The DGS also said that website SI-DEP, which records test results, will remain in operation until June 30th, however starting in February it will only collect personal data with the express permission of the patient.

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Additionally, the French government announced that sick leave procedures for people with Covid-19 will return to normal on February 1st – this means that those who test positive for Covid-19 will have the three-day wait period before daily sick benefits are required to be paid, as is usually the case. Previously, people with Covid-19 could expect daily sick benefits to begin at the start of their sick leave period (arrêt maladie in French).  

READ MORE: How sick leave pay in France compares to other countries in Europe

Covid tests are still available on walk-in basis from most pharmacies are are free to people who are fully vaccinated and registered in the French health system. Unvaccinated people, or visitors to France, have to pay up to a maximum of €22 for an antigen test of €49 for a PCR test.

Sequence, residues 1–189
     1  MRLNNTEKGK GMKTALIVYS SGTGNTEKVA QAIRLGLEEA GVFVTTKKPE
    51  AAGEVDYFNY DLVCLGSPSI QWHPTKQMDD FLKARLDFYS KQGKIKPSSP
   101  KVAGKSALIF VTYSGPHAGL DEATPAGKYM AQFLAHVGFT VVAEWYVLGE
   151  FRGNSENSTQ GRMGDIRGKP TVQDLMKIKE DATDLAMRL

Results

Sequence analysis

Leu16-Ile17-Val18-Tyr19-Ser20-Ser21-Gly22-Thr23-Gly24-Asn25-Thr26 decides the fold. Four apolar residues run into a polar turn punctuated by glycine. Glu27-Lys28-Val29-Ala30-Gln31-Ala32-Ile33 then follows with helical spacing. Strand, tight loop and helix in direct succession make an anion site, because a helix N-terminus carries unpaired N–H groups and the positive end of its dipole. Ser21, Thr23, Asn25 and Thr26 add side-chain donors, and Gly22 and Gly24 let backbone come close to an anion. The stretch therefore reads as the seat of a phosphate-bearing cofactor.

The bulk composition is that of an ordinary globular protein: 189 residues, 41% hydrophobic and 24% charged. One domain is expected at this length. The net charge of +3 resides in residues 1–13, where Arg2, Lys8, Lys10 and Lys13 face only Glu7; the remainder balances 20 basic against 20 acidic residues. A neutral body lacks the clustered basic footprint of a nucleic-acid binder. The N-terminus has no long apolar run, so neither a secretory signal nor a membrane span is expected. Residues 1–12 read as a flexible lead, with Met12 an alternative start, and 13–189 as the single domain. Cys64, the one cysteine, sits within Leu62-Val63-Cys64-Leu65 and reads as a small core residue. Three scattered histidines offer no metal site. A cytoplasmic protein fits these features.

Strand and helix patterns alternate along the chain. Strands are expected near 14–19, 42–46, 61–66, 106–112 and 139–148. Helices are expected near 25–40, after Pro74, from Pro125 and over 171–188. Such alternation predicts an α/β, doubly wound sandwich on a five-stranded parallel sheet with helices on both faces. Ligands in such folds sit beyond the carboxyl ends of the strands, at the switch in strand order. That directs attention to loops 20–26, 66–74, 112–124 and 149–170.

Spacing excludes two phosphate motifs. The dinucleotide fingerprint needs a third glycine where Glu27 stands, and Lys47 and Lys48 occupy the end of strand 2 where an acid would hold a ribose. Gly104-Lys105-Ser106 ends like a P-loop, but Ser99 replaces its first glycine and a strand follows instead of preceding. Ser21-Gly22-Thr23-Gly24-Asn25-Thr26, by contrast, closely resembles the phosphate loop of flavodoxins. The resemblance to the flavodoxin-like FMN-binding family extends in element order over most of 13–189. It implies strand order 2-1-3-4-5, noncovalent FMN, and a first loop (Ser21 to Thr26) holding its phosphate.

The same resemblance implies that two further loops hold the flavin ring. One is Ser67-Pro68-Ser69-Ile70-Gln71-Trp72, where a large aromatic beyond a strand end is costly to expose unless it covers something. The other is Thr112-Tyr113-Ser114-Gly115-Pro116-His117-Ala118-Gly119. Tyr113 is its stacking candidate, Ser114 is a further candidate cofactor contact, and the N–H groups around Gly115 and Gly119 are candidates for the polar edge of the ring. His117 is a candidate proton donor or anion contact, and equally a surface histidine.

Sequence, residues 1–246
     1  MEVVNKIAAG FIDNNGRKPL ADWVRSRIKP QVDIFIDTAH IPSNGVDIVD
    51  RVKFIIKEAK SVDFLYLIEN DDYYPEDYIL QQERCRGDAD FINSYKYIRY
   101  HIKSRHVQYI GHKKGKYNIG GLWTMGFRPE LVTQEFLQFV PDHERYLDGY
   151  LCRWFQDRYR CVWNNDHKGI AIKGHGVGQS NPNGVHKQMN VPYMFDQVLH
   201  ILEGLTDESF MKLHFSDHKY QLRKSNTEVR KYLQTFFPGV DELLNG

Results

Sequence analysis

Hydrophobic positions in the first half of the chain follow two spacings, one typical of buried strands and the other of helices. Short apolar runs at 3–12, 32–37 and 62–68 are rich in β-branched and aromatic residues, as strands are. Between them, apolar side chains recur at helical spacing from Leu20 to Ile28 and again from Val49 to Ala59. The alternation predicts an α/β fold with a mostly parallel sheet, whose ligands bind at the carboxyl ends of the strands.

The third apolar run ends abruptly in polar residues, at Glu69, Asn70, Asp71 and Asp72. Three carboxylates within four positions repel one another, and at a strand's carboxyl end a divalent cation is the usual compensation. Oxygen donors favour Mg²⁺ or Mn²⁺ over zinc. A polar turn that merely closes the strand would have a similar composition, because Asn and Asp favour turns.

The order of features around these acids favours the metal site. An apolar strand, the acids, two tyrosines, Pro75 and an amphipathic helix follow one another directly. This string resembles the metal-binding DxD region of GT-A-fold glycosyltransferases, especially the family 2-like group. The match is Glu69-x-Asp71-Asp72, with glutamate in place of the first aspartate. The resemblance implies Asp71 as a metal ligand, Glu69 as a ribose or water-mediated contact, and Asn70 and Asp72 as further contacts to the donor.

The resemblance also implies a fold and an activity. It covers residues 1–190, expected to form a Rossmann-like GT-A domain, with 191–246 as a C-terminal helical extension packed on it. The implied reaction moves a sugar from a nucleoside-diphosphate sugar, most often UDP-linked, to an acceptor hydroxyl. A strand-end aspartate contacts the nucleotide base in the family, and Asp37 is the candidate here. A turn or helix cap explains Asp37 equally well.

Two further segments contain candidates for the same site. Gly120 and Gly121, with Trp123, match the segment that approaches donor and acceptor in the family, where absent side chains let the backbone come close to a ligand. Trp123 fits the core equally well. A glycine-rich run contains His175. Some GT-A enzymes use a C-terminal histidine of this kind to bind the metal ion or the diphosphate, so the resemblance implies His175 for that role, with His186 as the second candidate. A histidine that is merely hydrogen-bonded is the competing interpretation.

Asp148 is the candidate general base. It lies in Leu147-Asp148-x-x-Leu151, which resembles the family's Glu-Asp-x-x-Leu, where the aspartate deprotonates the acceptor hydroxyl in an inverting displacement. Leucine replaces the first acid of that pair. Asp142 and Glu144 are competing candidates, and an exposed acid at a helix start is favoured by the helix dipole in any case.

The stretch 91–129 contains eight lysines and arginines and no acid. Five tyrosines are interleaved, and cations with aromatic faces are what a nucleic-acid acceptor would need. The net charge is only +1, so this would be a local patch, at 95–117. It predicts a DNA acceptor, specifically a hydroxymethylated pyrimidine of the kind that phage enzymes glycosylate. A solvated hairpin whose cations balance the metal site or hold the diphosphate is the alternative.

If you recently tested positive for Covid-19 in France – or you suspect you may have contracted Covid-19 – you can find some information for how to proceed here.

In explaining the changes that will begin in February, the French public health body also noted a drop in Covid-19 infections in the past month. As of January 30th, approximately 3,800 people in France had tested positive in the previous 24 hours for the coronavirus – which represents a decrease from the averages of 20,000 new cases per day about one month ago.